PPOCCID Class Begins Tonight

I am teaching PPOCCID (Principles and Practices of Online Course Creation and Instructional Design) again beginning this evening. I made the syllabus available for anybody who wants to see / use it (comments and feedback are very welcome!).

ppoccid screenshot

One of the ongoing assignments for my students will be to blog:

Course Blogs

Reflective Practice is a critical aspect of teaching and learning, and a fundamental element of teaching online involves acquiring a comfort with technology to communicate and collaborate.

Online learning is a more networked experience than traditional face-to-face (F2F) learning. Thus, students are required to use a blog for this course. Students may use their own blog (if they have one) or create a new one (Blogger, WordPress.com, or elsewhere). Blog posts should be done at least once a week discussing some learning or a reaction to anything in the course.

Making at least two comments every week on other course attendee blogs is required.

Let me set an example for our first posting!

VoiceThread for Managing Multimembership in Social Networks

Our SCoPE session, Managing Multimembership in Social Networks, begins tomorrow, and to prepare for our discussion, we have created a VoiceThread for this:

This will be on the SCoPE page, and it is used by clicking the right-triangle button on the image, which is the traditional “start” button for videos. It will then begin with Bronwyn  Stuckey, who asked the question, and then continue with other people who added their voices to the conversation.

Here’s to a new discussion on multimembership!

Learning Paradigms as Philosophies of Practice

In the online class I am teaching, Principles and Practices of Online Course Creation and Instructional Design, I introduced the class to various learning paradigms, which we (and our text) referred to as Philosophies of Practice. These include progressive, behaviorist, radical (critical theorist), constructivist, connectivist, and such. While Creswell speaks about four different “worldviews”–postpositivism, constructivism, advocacy / participatory, and pragmatism–and Guba speaks about–positivism, postpositisism, critical theory, and constructivism–I thought it would be helpful for my students, all of whom are involved in adult learning, to be introduced to this concept and then to wrestle with it.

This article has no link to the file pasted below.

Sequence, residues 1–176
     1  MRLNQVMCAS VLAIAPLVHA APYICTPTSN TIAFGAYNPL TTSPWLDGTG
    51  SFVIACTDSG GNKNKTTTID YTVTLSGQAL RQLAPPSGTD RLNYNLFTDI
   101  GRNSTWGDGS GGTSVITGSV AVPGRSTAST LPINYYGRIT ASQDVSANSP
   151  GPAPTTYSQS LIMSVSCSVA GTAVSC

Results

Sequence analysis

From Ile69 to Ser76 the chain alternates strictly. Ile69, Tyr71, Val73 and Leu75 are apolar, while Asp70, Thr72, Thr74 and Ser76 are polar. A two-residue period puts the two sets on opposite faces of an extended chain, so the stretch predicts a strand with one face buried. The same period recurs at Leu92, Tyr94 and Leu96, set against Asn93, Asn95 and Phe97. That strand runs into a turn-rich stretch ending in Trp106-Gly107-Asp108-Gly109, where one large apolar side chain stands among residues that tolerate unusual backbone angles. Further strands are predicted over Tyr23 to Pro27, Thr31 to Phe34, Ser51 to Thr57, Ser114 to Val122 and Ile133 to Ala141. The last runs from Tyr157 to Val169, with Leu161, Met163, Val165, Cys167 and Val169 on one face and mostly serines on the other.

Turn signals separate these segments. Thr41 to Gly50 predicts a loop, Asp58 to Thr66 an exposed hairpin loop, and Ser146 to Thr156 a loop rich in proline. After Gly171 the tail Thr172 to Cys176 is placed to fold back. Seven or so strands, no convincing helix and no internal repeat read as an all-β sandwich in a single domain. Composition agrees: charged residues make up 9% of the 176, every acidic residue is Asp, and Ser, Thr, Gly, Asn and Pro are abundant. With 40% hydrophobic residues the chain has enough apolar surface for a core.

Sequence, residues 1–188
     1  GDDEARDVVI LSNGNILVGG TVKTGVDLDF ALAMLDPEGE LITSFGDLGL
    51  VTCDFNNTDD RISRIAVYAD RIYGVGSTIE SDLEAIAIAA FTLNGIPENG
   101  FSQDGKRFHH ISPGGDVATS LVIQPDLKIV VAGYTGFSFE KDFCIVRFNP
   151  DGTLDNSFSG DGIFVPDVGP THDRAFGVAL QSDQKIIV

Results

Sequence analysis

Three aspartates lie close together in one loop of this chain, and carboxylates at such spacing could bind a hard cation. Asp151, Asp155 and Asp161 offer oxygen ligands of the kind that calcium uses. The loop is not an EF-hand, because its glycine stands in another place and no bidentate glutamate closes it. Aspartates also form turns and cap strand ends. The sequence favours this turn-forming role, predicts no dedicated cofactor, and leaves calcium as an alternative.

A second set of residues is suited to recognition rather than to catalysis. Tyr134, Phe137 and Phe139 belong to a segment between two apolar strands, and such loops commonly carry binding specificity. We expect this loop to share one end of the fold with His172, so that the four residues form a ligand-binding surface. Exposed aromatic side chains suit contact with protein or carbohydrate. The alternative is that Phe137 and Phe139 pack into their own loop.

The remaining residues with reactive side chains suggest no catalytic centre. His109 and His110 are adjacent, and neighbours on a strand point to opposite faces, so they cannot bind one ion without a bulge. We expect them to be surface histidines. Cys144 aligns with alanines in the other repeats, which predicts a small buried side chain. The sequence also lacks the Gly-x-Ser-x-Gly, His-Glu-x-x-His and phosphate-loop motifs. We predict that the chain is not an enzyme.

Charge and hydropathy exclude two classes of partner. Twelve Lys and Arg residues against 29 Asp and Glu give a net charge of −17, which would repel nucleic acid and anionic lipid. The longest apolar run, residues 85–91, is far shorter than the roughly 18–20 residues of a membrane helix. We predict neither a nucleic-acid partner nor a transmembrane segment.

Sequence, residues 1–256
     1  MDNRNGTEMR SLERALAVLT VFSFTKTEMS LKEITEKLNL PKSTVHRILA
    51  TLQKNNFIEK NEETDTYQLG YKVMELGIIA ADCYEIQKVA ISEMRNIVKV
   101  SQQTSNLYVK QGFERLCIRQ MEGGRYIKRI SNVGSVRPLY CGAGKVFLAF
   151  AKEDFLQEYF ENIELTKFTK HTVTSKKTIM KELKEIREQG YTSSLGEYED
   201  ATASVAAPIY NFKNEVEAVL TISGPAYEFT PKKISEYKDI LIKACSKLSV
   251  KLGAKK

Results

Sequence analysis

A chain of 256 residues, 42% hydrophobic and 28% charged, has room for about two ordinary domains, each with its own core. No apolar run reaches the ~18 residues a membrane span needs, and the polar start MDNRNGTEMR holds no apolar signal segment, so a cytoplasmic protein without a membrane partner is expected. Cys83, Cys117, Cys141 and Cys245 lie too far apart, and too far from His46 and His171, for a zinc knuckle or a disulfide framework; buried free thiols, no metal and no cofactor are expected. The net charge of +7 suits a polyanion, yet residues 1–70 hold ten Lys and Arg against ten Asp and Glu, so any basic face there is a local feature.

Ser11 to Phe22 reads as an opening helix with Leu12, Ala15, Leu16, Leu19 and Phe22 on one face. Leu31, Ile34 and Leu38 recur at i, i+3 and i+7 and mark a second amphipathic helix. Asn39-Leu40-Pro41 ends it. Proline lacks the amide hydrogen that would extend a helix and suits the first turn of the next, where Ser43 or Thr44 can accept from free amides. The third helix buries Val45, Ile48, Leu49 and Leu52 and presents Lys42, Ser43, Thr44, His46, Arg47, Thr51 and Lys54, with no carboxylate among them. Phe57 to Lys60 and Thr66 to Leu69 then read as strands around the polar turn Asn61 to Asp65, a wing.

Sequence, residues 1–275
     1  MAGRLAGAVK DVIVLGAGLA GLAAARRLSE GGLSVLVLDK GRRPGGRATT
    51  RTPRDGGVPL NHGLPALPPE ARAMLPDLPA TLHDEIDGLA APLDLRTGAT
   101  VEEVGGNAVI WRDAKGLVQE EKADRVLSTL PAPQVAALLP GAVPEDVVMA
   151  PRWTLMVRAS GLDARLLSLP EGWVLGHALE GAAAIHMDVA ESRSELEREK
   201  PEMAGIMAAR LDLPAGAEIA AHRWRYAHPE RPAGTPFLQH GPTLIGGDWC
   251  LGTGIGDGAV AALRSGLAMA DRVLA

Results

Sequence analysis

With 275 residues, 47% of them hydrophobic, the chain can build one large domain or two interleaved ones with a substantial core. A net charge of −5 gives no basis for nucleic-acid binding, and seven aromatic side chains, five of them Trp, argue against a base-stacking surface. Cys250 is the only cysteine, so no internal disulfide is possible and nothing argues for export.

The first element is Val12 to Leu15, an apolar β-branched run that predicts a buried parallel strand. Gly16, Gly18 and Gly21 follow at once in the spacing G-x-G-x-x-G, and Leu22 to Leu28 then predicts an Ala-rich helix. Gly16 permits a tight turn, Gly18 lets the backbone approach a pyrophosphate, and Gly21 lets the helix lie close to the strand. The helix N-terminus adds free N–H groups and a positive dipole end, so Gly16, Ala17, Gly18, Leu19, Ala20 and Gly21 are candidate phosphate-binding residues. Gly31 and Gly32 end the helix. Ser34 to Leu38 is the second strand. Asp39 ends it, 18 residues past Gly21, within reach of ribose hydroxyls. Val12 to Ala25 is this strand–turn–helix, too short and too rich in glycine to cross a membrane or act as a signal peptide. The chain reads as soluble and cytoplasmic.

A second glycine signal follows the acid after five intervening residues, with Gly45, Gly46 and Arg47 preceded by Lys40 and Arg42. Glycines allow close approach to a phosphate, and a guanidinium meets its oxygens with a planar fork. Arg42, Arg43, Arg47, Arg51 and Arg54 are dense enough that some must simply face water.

I asked my students, within our course system, to comment on which one they embrace. I thought it may be too personal to do out here on the public Web, and am acutely concerned with privacy and the safety of a learning environment.

I wonder if they can determine my own preferred paradigm?

List of Online Research Resources

One of the discussion lists I have recently started to follow, the one from the Association of Internet Researchers, had an email posting that I found very useful, and just received the author’s permission (via email) to repost (as it was not available online outside of its original archived posting). Thank you, Alecea Standlee (who is doing doctoral work at Syracuse University), for putting this together.

I am reposting this without making changes or alterations.



Chen, Shing-Ling, G. Jon Hall, and Mark D. Johns. 2003. Online Social Research: Methods, Issues, & Ethics. Peter Lang Pub Inc.

Dicks, Bella, and Bruce Mason. 2008.